Capability Analysis

Capability Analysis

In today’s competitive manufacturing environment, it's important that HTI creates a high-quality product the first time, every time. That means controlling variation. Controlling variation is the key to producing consistent high-quality products that meet or exceed customer requirements. To identify and eliminate processing problems that create variation, we gather extensive data from each process and analyze it from a statistical standpoint. This level of analysis lets us understand our ability to effectively control or eliminate most sources of variation. We call this study capability analysis.

Causes of Variation

The causes of variation in a process are numerous, but can be categorized into two groups - common cause variation or special cause variation.

Common Cause Variation
Common causes of variation are all small factors beyond the control of the machine or process operator, things simply inherent to the production environment. These include changes in temperature or humidity, repeatability of equipment, fluctuations in power, and many other things. In combination, these small variations add or subtract from a process’s ability to consistently produce identical parts. Common cause variations are, by nature, uncontrollable, but they tend to be consistent and predictable over time. Thusly, they can be observed, documented, analyzed, understood, and accounted for during production using charts, histograms, and more. A process operating with only common cause variation is declared to be in a state of statistical control.

Special Cause Variation
By contrast, a special cause variation is a variation introduced to a process that's identified as uncommon or unpredicted. Special causes of variation are things like broken cutting tools, a faulty valve, or out-of-spec raw materials. These factors tend to be singular, and are most often eliminated by fixing a specific problem or item. As a manufacturer, we can’t determine a process’s capability when special causes of variation are present - it must be eliminated before making a capability analysis. Once the special causes of variation are eliminated from the process, it can be assessed and declared to be in a state of statistical control.

Capability Analysis

Operating in a state of statistical control, a process can then be accurately compared to the given specification limits to make a capability analysis. To do this, we must gather sufficient data and determine its standard deviation. Standard deviation is a statistical term used to describe the dispersion of a set of data, or the average distance of each data point from the mean. For a process running in a state of statistical control, almost all points (99.73%) will fall within +/- 3 standard deviations from the mean. By taking the standard deviation multiplied by 6 (+3 and -3 from the mean), we can determine the Natural Tolerance of the process. The process’s potential capability is expressed as a Cp Value, determined by dividing engineering tolerance by the natural tolerance.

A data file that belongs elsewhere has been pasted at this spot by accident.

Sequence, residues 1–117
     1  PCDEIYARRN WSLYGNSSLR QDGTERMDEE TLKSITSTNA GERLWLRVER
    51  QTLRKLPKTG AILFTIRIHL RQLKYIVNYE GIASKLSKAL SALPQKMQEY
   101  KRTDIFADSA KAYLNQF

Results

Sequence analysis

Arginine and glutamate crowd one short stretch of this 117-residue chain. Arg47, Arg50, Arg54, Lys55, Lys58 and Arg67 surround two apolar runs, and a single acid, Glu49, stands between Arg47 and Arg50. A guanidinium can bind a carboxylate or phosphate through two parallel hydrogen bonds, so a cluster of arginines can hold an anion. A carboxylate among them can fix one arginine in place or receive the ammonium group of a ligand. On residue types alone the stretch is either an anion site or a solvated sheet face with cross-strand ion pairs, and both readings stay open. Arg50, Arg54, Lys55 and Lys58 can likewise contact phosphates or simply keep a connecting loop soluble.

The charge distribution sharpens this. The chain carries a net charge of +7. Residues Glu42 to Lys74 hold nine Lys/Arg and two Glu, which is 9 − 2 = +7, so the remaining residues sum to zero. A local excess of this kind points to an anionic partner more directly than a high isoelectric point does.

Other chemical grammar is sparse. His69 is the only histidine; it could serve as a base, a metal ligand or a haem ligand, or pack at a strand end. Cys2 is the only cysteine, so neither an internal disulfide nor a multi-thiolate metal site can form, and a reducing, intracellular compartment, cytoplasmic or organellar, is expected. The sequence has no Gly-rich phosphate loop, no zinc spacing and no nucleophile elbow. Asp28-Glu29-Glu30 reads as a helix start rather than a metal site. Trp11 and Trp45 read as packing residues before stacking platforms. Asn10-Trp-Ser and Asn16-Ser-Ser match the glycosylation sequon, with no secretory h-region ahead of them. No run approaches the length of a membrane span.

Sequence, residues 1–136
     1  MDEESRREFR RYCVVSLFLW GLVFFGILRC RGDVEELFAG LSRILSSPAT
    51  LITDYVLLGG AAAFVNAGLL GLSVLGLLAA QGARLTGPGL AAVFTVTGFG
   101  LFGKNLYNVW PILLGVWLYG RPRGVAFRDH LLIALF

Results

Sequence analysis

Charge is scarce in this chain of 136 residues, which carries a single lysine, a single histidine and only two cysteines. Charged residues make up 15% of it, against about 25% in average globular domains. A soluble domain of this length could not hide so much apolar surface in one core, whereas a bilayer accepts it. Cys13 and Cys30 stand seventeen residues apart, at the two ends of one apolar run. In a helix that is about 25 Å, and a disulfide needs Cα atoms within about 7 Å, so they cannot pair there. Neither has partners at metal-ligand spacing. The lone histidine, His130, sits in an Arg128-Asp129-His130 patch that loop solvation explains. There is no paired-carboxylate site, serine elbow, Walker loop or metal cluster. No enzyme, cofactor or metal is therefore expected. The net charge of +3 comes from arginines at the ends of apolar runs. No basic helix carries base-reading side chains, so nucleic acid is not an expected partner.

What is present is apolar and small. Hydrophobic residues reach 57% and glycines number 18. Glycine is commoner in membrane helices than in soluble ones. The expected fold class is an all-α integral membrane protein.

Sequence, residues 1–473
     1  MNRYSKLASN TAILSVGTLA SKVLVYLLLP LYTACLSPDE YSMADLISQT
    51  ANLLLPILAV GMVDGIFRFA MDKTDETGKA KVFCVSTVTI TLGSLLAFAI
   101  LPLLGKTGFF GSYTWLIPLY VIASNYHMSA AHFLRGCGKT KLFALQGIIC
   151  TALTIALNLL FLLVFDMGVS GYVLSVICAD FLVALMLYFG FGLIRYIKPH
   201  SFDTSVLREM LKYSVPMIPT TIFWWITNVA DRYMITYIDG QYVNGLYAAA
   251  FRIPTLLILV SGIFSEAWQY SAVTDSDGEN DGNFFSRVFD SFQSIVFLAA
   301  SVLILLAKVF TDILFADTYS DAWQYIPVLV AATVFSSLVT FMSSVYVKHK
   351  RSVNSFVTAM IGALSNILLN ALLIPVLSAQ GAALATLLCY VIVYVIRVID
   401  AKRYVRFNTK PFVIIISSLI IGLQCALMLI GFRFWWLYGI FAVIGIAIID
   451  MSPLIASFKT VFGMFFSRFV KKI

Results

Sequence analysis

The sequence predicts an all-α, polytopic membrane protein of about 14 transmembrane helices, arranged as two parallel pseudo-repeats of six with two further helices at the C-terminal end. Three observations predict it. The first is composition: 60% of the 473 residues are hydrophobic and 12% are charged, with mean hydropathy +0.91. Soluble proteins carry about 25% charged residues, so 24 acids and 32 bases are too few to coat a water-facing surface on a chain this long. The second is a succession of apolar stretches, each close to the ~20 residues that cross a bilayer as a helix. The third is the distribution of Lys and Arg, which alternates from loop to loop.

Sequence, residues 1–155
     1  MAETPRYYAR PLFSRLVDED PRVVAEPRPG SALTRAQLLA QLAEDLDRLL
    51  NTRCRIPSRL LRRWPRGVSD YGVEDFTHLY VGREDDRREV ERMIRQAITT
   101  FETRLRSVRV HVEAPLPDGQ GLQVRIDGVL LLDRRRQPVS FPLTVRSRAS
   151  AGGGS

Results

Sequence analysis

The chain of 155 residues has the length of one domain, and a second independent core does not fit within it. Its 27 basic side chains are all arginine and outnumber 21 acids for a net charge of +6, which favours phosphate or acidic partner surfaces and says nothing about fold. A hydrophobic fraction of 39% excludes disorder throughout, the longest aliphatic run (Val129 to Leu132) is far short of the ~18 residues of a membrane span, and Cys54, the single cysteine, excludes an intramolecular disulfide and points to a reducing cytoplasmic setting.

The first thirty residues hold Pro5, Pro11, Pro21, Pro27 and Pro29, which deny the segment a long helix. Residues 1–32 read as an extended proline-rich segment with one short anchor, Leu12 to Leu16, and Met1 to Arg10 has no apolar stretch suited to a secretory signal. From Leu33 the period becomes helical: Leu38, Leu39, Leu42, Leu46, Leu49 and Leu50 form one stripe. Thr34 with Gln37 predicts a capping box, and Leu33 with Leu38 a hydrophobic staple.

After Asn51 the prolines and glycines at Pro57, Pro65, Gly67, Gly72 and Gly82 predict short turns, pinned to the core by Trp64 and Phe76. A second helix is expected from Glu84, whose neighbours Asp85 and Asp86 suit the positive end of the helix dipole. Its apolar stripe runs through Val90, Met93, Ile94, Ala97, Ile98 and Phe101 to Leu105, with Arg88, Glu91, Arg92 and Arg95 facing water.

An Example
Let’s say we're measuring a part length with a given size and tolerance of 1.25" +/- .01". After determining the Natural Tolerance (6 Std. Dev.) to be .008", we can calculate the Cp as .010/.008, or 1.25. A Cp of 1.25 means that the observed process spread (variation) will fit 1.25 times within the given tolerance.

After determining that the potential process variation fits within the engineering tolerances, we must learn if the process was centered within the engineering tolerance. To do this, we compare the mean point of the data to the middle of the engineering tolerance. If the mean of the data set, referred to as the X-bar, is equal to the nominal dimension, the process is perfectly centered. However, it's more likely that the mean of the data will be some measure above or below the nominal dimension.

If the process is not perfectly centered within the engineering tolerance, we'll qualify our process capability statement by taking into consideration the distance from nominal that our process is centered. This value is expressed as the Cpk Value and takes into account both the process spread and the process centering. Cpk value is determined by comparing the X-bar to the upper and lower spec limits individually then dividing the difference from each by 3 standard deviations. If the X-bar of the process is closer to the upper spec limit, the Cpk for the upper limit is used. If the process X-bar is closer to the lower spec limit, the capability to the lower limit is reported as the Cpk value.

The HTI Way

HTI Plastics designs products with manufacturability in mind. Through superior testing, we design our products to maximize capability, providing our customers a high degree of confidence that their products will meet or exceed their expectations for quality. We use state-of-the-art video and touch-probe measuring combined with QC Calc statistical software to measure and analyze each critical feature for control and capability. We target a minimum Cpk of 1.33 or more on critical features.

For every product we make, HTI will deliver full First Article Reports and Process Validation data to communicate our production capabilities to our customers and as a reference point for any process or tooling changes. That way, you can see and understand our test results and production processes until your product is finalized.